Adjunct/Research faculty

Below is an alphabetical listing of Adjunct/Research Biology faculty. Please note you can search by first or last name. All of Biology faculty are affiliated with at least one of the four interdisciplinary graduate programs and you can limit your search to only those faculty affiliated with a particular program. In addition, you can search for only those faculty who can chair graduate student Masters or PhD committees. And you can combine these criteria to further limit your search.

Name Title Research Interests
Patricia L. R. Brennan

Adjunct Research Assistant Professor

Evolutionary Biology and Behavioral Ecology

Theodore Castro-Santos

Adjunct Assistant Professor

Biomechanics and Behavior of Migratory Fishes; Bioengineering of Fish Passage Structures

Aaron M. Ellison

Adjunct Research Professor

Community Ecology

Kelly J. Gauger

Adjunct Research Assistant Professor

Molecular Pathways Involved in the Pathogenesis of Breast Cancer

Norman Johnson

Adjunct Research Assistant Professor

Joohyun Lee

Research Assistant Professor

This website is under construction.

Stephen D. McCormick

Adjunct Professor

Environmental and endocrine control of osmoregulation, growth, migration, development and reproduction in teleosts, primarily anadromous fishes.

Alan L. Schneyer

Adjunct Professor

Role of activin, related growth factors and their antagonists in metabolism and reproduction

Rong Shao

Adjunct Research Associate Professor

Tumor angiogenesis, the new vasculature formation from pre-existing blood vessels, is a fundamental process required for tumor growth, and is initially triggered by elevated angiogenic factors that are mainly derived from tumor cells and tumor stroma cells. We recently have found that a secreted glycoprotein named YKL-40 has the ability to promote tumor vascular endothelial cell angiogenesis; thus promoting tumor progression and metastasis. Elevated YKL-40 may serve as a biomarker for the diagnosis and prognosis of breast cancer. A neutralizing anti-YKL-40 antibody can block tumor development and angiogenesis, suggestive of therapeutic means for inhibition of advanced cancers. In addition, we are interested in tumor cell-associated vascularization known as vasculogenic mimicry (VM), an alternative vascularization that is appreciated to play an important role in tumor development and progression of glioblastoma, one of the extremely aggressive and poorest prognostic brain tumors. Glioblastoma stem-like cells (GSCs) are found to participate in VM via transdifferentiation into vascular pericytes/smooth muscle cells. Identification of key molecules and their mechanisms that regulate tumor angiogenesis and VM will offer immense value for cancer diagnosis, prognosis, and therapy.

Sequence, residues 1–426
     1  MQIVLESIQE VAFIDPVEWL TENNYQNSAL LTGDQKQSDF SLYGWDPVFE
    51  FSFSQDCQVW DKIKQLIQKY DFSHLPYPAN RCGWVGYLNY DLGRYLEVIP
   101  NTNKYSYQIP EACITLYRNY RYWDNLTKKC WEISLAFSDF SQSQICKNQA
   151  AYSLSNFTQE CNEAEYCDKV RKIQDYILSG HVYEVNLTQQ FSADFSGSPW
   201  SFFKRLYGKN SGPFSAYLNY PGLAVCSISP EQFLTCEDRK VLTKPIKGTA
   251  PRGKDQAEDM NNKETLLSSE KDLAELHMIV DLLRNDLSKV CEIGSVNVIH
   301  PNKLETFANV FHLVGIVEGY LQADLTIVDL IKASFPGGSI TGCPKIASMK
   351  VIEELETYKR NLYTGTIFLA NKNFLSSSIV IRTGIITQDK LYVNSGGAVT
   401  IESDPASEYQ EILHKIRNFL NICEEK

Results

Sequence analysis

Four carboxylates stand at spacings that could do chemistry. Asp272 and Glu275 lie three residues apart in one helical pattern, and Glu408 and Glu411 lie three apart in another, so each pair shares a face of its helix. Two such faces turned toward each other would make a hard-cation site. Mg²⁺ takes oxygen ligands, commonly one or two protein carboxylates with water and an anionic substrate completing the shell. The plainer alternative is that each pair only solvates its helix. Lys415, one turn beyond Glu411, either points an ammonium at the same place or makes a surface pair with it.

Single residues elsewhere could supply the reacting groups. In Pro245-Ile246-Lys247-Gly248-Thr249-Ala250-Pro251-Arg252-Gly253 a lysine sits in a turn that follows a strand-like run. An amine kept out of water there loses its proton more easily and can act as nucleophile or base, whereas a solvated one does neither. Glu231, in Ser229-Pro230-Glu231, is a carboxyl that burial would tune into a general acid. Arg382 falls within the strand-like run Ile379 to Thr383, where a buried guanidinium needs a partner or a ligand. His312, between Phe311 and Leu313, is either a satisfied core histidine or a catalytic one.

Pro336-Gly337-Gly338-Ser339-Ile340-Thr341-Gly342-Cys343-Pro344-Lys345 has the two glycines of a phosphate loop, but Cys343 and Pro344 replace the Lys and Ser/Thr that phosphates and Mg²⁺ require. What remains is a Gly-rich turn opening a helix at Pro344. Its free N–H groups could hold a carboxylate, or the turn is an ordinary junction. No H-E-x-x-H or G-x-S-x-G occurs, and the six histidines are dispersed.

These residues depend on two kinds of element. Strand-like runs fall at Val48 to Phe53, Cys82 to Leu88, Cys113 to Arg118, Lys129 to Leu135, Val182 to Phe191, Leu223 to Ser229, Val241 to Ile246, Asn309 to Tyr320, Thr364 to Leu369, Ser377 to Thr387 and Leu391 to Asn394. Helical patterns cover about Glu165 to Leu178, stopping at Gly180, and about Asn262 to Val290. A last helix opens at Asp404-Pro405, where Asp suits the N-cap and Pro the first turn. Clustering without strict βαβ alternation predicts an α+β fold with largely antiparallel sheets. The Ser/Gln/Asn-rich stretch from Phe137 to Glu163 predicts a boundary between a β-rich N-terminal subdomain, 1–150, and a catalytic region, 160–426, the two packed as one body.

Nagendra Yadava

Adjunct Assistant Professor, Biology Department, University of Massachusetts

Mitochondrial Diseases, Dysfunction, and Biogenesis; Apoptosis, Diabetes, Obesity, Breast Cancer, and Aging